FIGS. 2-4 illustrate an injured person 26 who is supine upon a support surface 28 such as a carrying board. The uninflated web 16 has been interposed be tween the head 29 of the injured person and the support surface 28. The major lobes 20 and 22 are shown inflated in supporting relationship on the opposite sides of the head 29. The minor lobe 24 supports the persons neck.
A drawing means such as a pair of belts or straps 30 and 32 surround the head, the restraint device and the support surface 28. The belts 30 and 32 are tightened to conformingly clamp the major lobes 20 and 22 compressively against opposite sides of the head 29 and to hold the clamped head rigidly upon the support surface 28. The straps 30 and 32 have fastening means such as a buckle or as illustrated and preferred a Velcro fastener 34 for connecting the opposite ends of the belts tightly together. Adhesive tape may alternatively be used as the drawing means.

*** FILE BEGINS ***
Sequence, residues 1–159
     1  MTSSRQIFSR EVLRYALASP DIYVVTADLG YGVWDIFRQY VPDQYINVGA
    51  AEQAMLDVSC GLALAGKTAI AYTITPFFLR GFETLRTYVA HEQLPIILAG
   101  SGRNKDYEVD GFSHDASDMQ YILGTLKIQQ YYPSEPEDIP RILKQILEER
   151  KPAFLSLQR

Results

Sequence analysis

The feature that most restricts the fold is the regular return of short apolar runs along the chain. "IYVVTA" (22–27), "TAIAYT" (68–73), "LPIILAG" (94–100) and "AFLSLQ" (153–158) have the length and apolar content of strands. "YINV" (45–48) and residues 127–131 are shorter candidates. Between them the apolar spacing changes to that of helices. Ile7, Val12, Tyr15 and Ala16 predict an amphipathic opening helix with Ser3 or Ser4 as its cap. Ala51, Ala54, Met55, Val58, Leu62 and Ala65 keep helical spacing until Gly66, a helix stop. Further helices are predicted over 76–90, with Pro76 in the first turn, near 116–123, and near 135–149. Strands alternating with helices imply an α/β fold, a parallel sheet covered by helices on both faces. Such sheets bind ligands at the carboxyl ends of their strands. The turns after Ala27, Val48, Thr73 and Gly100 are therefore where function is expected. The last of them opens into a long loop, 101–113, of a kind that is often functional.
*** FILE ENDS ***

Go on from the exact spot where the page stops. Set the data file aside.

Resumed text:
In operation, a preferred embodiment of the invention is folded and stored for example, in a small envelope-like wrapper. Preferably, a supply of several similarly packaged head restraints are available in the emergency vehicle.
The para-medic at the scene withdraws a device embodying the present invention from its wrapper and unfolds it preparatory to inflation. Preferably, the device is then inflated and positioned on a support surface, such as a stretcher or litter, A pumping bulb outfitted with a check valve and a coupling, mating with inlet means 18, may be provided for hand inflation. Alternatively, the restraint may be mouth inflated. The injured person is then moved by conventional techniques onto the support surface and the head restraint.
Alternatively, of course, the inflated preferred embodiment of the invention can be positioned under the head of the injured person after he has been positioned upon the support surface. This of course, necessitates some slight lifting of the head in orderto slip the minor lobe 24 past the back of the head and beneath the nape of the neck. Of course, as a third alternative the web 16 may be slid under the head prior'to inflation of the head restraint. The restraint is subsequently inflated thereby avoiding unnecessary movement of the head."